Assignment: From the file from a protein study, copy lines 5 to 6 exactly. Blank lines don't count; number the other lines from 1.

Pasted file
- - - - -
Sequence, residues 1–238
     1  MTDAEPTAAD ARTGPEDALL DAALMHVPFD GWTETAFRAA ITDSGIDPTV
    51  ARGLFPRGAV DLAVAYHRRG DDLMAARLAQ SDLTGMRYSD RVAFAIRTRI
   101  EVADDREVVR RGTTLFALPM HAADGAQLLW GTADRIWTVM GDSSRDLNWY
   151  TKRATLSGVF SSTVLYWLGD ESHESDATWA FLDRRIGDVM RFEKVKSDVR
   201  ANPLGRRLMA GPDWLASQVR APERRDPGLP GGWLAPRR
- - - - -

   151  TKRATLSGVF SSTVLYWLGD ESHESDATWA FLDRRIGDVM RFEKVKSDVR
   201  ANPLGRRLMA GPDWLASQVR APERRDPGLP GGWLAPRR